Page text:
President Obama signed into law the Consolidated Appropriations Act, 2016, often referred to as the “Omnibus Appropriations Bill,” on December 18. Among other things, that Act repeals the 40-year old general restriction on crude oil exports. The repeal was taken, almost word-for-word, from H.R. 702, a bill which passed the U.S. House of Representatives on October 9 by a vote of 261-159. The repeal is qualified such that the President retains emergency and war powers to prohibit exports again generally and specifically with regard to certain countries or persons.

During the debate in Congress on whether to lift the crude oil export restrictions, proposals were floated to apply a U.S.-flag requirement to such exports. The precedent for such a requirement appears is the 1995 legislation permitting the export of Alaska North Slope crude oil but only on U.S.-flag vessels. In the end, such a requirement was not included in the Consolidated Appropriations Act, 2016.

On the flip side of the coin, certain refinery interests also advocated that the Jones Act (which restricts U.S. domestic maritime trade to qualified U.S.-flag vessels) should be modified or repealed if the crude oil export restrictions were eliminated. They argued that U.S. source crude oil could be exported to Europe and other refinery destinations on non-U.S.-flag vessels more cheaply than such oil can be delivered to U.S. refineries in Jones Act-qualified vessels if there were no crude oil export restrictions. The Consolidated Appropriations Act, 2016 also does not modify the Jones Act.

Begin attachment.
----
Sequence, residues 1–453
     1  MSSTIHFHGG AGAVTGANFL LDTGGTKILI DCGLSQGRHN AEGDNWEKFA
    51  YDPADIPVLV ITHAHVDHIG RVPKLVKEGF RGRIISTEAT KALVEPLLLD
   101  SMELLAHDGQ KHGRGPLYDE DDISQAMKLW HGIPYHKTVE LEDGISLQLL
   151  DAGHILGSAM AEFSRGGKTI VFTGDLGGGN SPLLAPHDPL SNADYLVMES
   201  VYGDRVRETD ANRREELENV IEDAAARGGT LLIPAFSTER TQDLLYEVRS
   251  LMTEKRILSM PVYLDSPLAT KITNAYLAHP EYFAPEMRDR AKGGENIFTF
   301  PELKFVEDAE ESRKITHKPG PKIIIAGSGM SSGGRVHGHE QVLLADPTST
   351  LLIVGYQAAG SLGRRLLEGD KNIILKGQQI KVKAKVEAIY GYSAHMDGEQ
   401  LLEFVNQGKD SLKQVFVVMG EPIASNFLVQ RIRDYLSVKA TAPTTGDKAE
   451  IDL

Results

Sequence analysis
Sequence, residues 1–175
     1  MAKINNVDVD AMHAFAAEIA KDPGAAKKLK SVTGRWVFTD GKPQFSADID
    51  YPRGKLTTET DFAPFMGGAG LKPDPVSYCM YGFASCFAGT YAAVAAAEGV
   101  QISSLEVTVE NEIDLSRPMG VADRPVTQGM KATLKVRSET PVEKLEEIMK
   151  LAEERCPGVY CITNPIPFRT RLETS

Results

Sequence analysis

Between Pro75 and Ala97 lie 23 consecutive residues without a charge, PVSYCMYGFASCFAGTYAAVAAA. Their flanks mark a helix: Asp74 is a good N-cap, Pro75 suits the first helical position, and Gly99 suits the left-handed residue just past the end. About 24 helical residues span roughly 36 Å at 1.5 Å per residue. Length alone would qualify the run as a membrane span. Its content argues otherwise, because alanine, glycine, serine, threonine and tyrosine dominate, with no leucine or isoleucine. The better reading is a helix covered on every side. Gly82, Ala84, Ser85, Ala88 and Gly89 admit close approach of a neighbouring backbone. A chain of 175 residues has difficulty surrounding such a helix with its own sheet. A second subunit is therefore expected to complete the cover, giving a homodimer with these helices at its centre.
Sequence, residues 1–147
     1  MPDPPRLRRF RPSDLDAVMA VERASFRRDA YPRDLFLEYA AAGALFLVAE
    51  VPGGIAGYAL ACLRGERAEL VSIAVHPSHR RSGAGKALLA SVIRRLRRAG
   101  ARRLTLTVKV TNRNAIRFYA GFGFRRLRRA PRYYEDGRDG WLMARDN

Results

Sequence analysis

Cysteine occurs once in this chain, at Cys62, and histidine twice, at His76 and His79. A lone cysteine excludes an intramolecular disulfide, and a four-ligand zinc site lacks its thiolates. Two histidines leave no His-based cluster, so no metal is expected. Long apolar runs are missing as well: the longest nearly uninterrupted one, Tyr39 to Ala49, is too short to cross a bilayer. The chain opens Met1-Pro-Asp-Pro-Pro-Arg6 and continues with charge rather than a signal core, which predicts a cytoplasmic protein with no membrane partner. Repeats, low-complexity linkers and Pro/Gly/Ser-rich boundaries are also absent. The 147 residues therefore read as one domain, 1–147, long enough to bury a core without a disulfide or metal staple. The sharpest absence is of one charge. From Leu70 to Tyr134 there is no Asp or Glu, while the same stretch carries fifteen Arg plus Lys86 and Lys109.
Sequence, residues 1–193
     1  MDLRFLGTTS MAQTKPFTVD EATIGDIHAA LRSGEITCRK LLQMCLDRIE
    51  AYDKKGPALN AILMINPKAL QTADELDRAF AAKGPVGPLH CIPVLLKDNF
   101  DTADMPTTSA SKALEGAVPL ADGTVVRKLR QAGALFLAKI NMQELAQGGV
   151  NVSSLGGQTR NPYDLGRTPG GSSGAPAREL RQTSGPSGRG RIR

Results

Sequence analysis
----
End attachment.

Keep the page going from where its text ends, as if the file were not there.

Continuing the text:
The Act does contain, however, a tax break for “independent” refineries for qualifying transportation costs. Specifically, the new law contains a temporary (through December 31, 2021) tax break “for costs related to the transportation of oil.” According to the Joint Explanation accompanying the legislation, “the provision would temporarily exempt 75 percent of transportation costs of certain independent refiners from calculating their domestic production activities under Section 199 [of the Internal Revenue Code].”

Although the genesis of this requirement may have been Jones Act tank vessel costs, there does not appear to be any connection between this new deduction and Jones Act transportation costs—any transportation costs would presumably be eligible for the new tax treatment. “Independent refiners” is defined as a “taxpayer who is in the trade or business of refining crude oil and who is not a major integrated oil company . . .[as defined in the Internal Revenue Code].” 

On the issue of the pre-existing special Alaska north slope oil export law, it is not clear what effect the new legislation has. The legislation provides that “notwithstanding any other provision of law . . . no official of the Federal Government shall impose or enforce any restriction on the export of crude oil.” Arguably, the 1995 U.S.-flag requirement applicable to ANS oil is a “restriction on the export of crude oil” and therefore was wiped away by the new legislation and the sweep of the phrase “notwithstanding any other provision of law” but that is not clear in the legislation.